On February 24th, 1949, Estonians and non-Estonian friends
came together to celebrate Estonian Independence Day in Edmonton. They
visited, and enjoyed music in their Estonian language and culture.
From this gathering the idea came to form an organization and work
together towards Estonian Independence, and to celebrate
historical and national dates and heritage, and finally, to
promote and enjoy Estonian culture and language. The first meeting
was held December 4th, 1949 in the social room of a church.
Since that time, Christmas services, summer festivals, exhibits of arts and
crafts and music recitals have been organized by the Edmonton
Estonian Society (EES).
The EES celebrated its 50th year of
continuous operation in 1999. During the first four decades of its
existence the focus of the Society was mainly to promote Estonian
independence from Soviet occupation and to organize social and
cultural events for the small Estonian community of mostly WWII
immigrants in the Edmonton area.
Today, in the years following
the declaration of Estonian independence in 1991, the EES is still
supported by the community and primarily involved with promoting
interest in and awareness of Estonian Albertan's rich culture and
customs. The Society also helps to coordinate visits by Estonian
politicians, diplomats, athletes and artists to Alberta. The
Society sponsors special events and celebrations of interest to
Alberta's Estonian community, which has grown to over 1,500
multi-generation descendants of the first Estonian settlers and post-WWII immigrants and their offspring.
In 1999, the Edmonton Estonian Society organized a three-day,
Alberta-wide Estonian-Canadian Centennial Celebration. The
Centennial marked the arrival of the first Estonians to settle in
Alberta and Canada in 1899, namely the districts around Sylvan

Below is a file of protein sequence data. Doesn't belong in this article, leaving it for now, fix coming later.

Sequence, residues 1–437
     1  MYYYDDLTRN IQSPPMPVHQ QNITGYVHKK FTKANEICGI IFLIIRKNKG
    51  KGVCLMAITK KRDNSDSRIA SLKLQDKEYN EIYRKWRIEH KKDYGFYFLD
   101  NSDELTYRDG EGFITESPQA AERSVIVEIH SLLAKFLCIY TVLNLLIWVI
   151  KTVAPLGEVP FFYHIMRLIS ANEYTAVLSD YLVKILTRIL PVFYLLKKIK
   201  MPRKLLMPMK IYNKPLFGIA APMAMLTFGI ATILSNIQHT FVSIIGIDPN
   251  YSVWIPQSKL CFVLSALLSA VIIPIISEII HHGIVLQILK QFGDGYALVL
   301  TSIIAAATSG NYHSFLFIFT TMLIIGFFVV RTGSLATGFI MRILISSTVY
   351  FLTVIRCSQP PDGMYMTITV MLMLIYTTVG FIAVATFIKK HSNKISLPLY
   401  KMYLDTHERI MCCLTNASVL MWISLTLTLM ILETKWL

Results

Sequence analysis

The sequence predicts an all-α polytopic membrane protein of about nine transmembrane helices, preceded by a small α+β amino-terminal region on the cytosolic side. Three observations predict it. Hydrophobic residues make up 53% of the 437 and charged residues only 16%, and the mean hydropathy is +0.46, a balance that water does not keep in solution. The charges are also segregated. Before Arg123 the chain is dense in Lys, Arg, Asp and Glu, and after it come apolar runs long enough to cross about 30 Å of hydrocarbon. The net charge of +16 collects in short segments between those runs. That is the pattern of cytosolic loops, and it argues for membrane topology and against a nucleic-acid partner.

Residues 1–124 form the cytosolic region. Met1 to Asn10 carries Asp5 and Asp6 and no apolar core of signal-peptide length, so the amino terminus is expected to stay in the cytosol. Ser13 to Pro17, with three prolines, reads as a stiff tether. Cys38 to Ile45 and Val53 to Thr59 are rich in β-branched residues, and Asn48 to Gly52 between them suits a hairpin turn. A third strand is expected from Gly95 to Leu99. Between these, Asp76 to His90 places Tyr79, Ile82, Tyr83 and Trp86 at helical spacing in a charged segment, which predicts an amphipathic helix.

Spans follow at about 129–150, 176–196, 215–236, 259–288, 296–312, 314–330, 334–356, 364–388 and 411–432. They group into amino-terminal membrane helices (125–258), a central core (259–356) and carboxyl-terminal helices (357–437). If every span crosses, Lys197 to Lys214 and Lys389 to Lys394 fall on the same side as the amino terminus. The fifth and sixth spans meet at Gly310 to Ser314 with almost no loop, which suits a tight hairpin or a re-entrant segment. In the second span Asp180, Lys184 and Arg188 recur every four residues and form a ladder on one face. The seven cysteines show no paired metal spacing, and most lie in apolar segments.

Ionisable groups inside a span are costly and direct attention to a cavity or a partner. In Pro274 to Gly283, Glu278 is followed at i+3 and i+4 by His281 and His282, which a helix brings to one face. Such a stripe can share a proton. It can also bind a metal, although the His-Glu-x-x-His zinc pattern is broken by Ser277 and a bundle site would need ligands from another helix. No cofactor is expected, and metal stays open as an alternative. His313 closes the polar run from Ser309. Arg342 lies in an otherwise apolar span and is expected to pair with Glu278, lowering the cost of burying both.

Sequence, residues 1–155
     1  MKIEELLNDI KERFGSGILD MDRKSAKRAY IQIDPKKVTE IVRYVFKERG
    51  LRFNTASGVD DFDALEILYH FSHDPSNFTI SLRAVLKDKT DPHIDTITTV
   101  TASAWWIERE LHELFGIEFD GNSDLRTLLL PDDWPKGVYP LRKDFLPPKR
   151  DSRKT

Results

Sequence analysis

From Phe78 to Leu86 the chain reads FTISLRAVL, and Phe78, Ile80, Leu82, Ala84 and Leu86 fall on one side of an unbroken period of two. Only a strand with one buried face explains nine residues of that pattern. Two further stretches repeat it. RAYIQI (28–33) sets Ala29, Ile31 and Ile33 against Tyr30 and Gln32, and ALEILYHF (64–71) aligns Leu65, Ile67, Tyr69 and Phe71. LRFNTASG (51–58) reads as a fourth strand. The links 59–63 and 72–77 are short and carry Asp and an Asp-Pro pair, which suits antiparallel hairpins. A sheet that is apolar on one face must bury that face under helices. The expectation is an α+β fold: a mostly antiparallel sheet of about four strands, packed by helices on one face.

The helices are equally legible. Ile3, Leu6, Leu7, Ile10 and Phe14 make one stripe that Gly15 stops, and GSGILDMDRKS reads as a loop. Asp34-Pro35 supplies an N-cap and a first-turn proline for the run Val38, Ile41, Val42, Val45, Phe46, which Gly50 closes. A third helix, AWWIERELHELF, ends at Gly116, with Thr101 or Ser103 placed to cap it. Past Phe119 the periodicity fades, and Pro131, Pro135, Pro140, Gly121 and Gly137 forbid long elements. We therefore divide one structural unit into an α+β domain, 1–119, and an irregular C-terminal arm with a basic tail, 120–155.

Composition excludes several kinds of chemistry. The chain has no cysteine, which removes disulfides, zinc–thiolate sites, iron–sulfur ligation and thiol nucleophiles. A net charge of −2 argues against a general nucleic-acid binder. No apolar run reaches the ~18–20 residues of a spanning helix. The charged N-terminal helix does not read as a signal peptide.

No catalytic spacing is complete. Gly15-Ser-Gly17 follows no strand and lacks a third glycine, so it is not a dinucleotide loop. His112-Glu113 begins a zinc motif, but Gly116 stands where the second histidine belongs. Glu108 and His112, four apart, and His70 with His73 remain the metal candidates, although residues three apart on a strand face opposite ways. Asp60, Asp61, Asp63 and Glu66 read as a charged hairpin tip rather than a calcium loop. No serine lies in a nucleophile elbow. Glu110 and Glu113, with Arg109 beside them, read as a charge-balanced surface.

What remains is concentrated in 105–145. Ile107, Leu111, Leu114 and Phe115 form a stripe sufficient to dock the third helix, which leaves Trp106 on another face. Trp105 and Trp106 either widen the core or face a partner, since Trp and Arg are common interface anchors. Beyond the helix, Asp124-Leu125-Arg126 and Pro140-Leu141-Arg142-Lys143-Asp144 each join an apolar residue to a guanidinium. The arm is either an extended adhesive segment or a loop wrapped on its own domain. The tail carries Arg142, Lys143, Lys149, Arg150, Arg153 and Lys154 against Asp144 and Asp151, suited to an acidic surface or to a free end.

Stettler and Barons. Now, many years later, third, fourth and
fifth generation descendants are involved in remembering and
celebrating the Estonian Albertans who came before them. The
event, held in historic Linda Hall near Stettler, was the
largest-ever gathering of Alberta's Estonian community and
attracted over 500 celebrants from across Canada.
In 2000, the Estonian community hosted the President of the Republic
of Estonia, Lennart Meri. The President, an avid historian,
expressed keen interest in the history and activities of Alberta's
Another major event was held in 2001 near Gilby during the
midsummer solstice. The event celebrated the lives and
contributions of Estonian pioneers in that area.
In 2001 and 2002 the community hosted welcoming receptions for the Estonian
delegations attending the World Athletic Championships and the World University Wrestling
Championships in Edmonton. The Charge d' Affairs of the Estonian
Embassy in Ottawa, Mr. Sulev Roostar, visited Alberta in March
2002 and helped us celebrate Estonian Independence Day.
The Society issues a bi-annual newsletter, the Ajakaja. The
newsletter informs members and other Estonian organizations of
current activities, and of topics of general interest. The
newsletter maintains a bilingual format, although many articles
are in English to serve a readership of descendants who speak only
English and others who have entered mixed marriages with
English-speaking spouses. The Society draws its membership from
post-WWII immigrants and the descendants of the Estonian pioneers
who settled in central Alberta. The membership list of some 80
individuals and families includes people primarily from the
Edmonton area, but communities such as Calgary, Stettler, Red
Deer, Gilby and, and Lethbridge, to name a few, are also
represented. The Society can be contacted by e-mail at:
Reprinted with permission from the Edmonton Estonian Society.